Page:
|(6) Ad quorum evidentiam sciendum est quod sicut homo tripliciter spirituatus est, videlicet vegetabili, animali et rationali, triplex iter perambulat. Nam secundum quod vegetabile quid est, utile querit, in quo cum plantis comunicat; secundum quod animale, delectabile, in quo cum brutis; secundum quod rationale, honestum querit, in quo solus est, vel angelice nature sociatur. Propter hec tria quicquid agimus agere videmur.
||(6) In order to define them accurately, it is necessary first to know that, just as human beings possess a soul with three aspects - vegetative, animal, and rational - so they follow a threefold path. For in so far as they are vegetable beings, they seek the useful, and they have this in common with plants; in so far as they are animal, they seek pleasure, and this they share with beasts; and in so far as they are rational, they seek the good, and in this they stand alone, or may be related to the nature of angels. Clearly, it is in pursuit of these three ends that we do whatever we do; ||
|(7) Et quia in quolibet istorum quedam sunt maiora, quedam maxima, secundum quod talia, que maxima sunt maxime pertractanda videntur, et per consequens maximo vulgari.
||(7) and because in each area there are some things of greater importance and some of greatest, they are to be treated according to their importance, the most important in the loftiest mode and, therefore, in the highest form of vernacular. ||
|(8) Sed disserendum est, que maxima sint. Et primo in eo quod est utile: in quo, si callide consideremus intentum omnium querentium utilitatem, nil aliud quam salutem inveniemus. Secundo, in eo quod est delectabile: in quo dicimus illud esse maxime delectabile quod per preciosissimum obiectum appetitus delectat: hoc autem venus est. Tertio, in eo quod est honestum; in quo nemo dubitat esse virtutem. Quare hec tria, Salus videlicet, Venus et Virtus, apparent esse illa magnalia que sint maxime pertractanda, hoc est ea que maxime sunt ad ista, ut armorum probitas, amoris accensio, et directio voluntatis.
||(8) But we must discuss what these things of greatest importance may be. To begin with what is useful: here, if we carefully ponder the goal of all those who seek what is useful, we will find that it is nothing other than their own well-being. Secondly, what is pleasurable: here I say that what is most pleasurable is what is the most highly valued object of our desires; and this is love. Thirdly, what is good: and here no-one will doubt that the most important thing is virtue. So these three things, well-being, love, and virtue, appear to be those most important subjects that are to be treated in the loftiest style; or at least this is true of the themes most closely associated with them, prowess in arms, ardour in love, and control of one's own will. ||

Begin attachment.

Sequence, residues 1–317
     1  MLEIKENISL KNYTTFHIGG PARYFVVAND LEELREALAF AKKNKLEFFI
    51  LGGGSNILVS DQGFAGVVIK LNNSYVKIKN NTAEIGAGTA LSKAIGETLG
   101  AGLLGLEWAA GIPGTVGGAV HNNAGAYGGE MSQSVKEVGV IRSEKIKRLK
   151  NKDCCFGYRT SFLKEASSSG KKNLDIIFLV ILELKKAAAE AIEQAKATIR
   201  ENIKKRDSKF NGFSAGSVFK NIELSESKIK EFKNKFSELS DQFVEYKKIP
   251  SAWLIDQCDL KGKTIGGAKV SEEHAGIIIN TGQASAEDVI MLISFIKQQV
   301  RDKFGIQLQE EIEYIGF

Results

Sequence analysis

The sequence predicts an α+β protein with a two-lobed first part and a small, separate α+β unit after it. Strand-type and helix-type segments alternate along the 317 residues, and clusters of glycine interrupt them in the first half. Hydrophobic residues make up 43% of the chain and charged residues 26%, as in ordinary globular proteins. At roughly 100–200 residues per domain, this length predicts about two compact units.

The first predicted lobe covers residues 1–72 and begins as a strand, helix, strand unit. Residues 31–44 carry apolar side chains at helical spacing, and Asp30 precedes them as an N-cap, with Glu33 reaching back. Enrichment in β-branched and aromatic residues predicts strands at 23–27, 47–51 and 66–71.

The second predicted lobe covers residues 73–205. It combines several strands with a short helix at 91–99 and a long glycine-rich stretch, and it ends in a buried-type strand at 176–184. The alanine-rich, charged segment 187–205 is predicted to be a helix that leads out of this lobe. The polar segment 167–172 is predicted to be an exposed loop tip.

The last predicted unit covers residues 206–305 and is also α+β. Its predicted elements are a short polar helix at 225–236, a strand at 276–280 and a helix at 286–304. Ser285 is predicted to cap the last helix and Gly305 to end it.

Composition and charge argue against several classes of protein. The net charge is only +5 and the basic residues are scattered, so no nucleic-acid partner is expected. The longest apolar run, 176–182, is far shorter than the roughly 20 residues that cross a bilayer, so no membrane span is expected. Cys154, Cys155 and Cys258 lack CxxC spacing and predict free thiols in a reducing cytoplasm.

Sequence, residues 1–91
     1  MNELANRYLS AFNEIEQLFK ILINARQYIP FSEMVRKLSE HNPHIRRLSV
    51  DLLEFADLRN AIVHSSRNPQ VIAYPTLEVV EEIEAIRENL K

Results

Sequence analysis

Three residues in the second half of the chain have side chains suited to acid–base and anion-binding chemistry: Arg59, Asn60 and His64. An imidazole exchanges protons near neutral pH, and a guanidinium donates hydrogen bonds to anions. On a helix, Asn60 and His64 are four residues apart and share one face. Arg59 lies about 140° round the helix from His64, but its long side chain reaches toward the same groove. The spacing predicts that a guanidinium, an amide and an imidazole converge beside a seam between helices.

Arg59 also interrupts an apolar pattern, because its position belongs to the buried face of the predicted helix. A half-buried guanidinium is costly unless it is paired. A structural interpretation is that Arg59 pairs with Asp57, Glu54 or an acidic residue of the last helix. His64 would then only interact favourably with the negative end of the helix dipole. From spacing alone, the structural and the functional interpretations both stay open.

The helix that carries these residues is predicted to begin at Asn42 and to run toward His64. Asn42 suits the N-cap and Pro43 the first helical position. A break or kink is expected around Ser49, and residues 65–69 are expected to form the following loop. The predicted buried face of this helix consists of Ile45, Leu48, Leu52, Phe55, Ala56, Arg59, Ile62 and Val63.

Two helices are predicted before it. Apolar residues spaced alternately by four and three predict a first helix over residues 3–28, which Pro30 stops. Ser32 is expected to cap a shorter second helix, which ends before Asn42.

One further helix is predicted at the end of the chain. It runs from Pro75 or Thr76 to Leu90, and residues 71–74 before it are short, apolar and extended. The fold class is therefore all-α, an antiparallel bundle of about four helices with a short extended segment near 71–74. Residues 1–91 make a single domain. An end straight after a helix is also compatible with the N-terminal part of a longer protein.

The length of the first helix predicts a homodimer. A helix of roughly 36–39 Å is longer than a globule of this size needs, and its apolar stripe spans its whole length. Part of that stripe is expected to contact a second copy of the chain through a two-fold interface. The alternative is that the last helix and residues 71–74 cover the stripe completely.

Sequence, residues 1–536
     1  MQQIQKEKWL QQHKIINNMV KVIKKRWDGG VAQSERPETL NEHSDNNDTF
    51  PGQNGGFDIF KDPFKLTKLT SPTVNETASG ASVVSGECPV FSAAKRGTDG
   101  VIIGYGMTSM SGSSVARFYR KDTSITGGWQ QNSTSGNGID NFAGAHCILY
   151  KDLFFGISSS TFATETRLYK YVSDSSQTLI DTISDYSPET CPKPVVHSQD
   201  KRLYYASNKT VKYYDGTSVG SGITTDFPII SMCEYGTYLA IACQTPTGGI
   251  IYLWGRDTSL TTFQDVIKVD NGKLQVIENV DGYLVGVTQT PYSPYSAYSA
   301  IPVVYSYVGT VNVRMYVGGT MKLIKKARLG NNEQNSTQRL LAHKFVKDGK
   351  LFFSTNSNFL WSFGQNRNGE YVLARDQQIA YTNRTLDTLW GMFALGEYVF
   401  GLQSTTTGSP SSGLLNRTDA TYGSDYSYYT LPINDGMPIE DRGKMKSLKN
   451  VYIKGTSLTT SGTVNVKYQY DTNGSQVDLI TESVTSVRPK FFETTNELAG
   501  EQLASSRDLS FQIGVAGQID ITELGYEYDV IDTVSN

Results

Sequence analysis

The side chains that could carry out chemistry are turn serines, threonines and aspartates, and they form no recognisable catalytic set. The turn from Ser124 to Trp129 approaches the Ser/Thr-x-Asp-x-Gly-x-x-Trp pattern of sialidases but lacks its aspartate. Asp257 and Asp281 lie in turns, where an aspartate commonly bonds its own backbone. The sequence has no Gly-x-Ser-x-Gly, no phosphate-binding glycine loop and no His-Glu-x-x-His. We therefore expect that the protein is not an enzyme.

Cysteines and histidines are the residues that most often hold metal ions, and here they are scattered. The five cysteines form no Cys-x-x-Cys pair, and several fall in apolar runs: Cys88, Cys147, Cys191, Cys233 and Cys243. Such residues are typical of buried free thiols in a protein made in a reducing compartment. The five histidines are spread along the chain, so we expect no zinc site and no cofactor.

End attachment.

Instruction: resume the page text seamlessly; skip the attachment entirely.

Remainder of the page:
|(9) Circa que sola, si bene recolimus, illustres viros invenimus vulgariter poetasse; scilicet Bertramum de Bornio, arma; Arnaldum Danielem, amorem; Gerardum de Bornello, rectitudinem; Cinum Pistoriensem, amorem; amicum eius, rectitudinem. Bertramus etenim ait Non posc mudar c'un cantar non exparja. Arnaldus: L'aura amara -- fal bruol brancuz -- clarir. Gerardus: Per solaz reveillar Che s'es trop endormitz. Cinus: Digno sono eo de morte. Amicus eius: Doglia mi reca ne lo core ardire.
Arma vero nullum latium adhuc invenio poetasse.
||(9) On these themes alone, if I remember rightly, we find that illustrious individuals have written poetry in the vernacular: Bertran de Born on arms, Arnaut Daniel on love, Giraut de Borneil on integrity; Cino da Pistoia on love, his friend on integrity. So Bertran says: Non posc mudar c'un cantar non exparia; [I cannot refrain from sending forth my song] Arnaut: L'aura amara fa.l bruol brancuz clarzir [The bitter breeze makes the leafy copses whiten] Giraut: Per solaz reveilar che s'es trop endormiz; [To re-awaken the joys of company which have sunk into too sound a sleep] Cino: Digno sono eo di morte; [I am worthy of death] his friend: Doglia mi reca ne lo core ardire. [Grief brings boldness to my heart] As for arms, I find that no Italian has yet treated them in poetry. ||
|(10) Hiis proinde visis, que canenda sint vulgari altissimo innotescunt.
||(10) Having seen this, then, the subjects fit for poetry in the highest form of vernacular will become clear. ||